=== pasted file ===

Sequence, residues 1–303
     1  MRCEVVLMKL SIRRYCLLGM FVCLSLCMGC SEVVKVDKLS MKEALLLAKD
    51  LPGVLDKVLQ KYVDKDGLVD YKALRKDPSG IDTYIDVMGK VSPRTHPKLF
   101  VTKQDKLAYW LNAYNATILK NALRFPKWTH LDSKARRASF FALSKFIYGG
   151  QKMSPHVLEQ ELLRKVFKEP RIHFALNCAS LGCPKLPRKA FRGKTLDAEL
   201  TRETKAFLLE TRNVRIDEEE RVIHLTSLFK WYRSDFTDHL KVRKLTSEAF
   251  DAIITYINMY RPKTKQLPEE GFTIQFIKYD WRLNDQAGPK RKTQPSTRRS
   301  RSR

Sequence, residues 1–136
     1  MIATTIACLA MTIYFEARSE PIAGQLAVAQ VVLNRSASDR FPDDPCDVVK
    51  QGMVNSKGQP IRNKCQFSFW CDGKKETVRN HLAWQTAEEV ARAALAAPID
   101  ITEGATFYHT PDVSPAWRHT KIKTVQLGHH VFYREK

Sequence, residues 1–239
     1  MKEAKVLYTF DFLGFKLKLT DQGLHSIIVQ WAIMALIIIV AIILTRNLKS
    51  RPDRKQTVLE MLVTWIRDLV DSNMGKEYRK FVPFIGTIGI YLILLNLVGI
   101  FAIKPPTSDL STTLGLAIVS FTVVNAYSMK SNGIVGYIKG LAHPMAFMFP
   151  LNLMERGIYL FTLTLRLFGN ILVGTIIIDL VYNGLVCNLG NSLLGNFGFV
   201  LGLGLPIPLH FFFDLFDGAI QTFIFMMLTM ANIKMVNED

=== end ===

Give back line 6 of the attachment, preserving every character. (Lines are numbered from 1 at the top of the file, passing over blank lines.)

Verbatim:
   201  TRETKAFLLE TRNVRIDEEE RVIHLTSLFK WYRSDFTDHL KVRKLTSEAF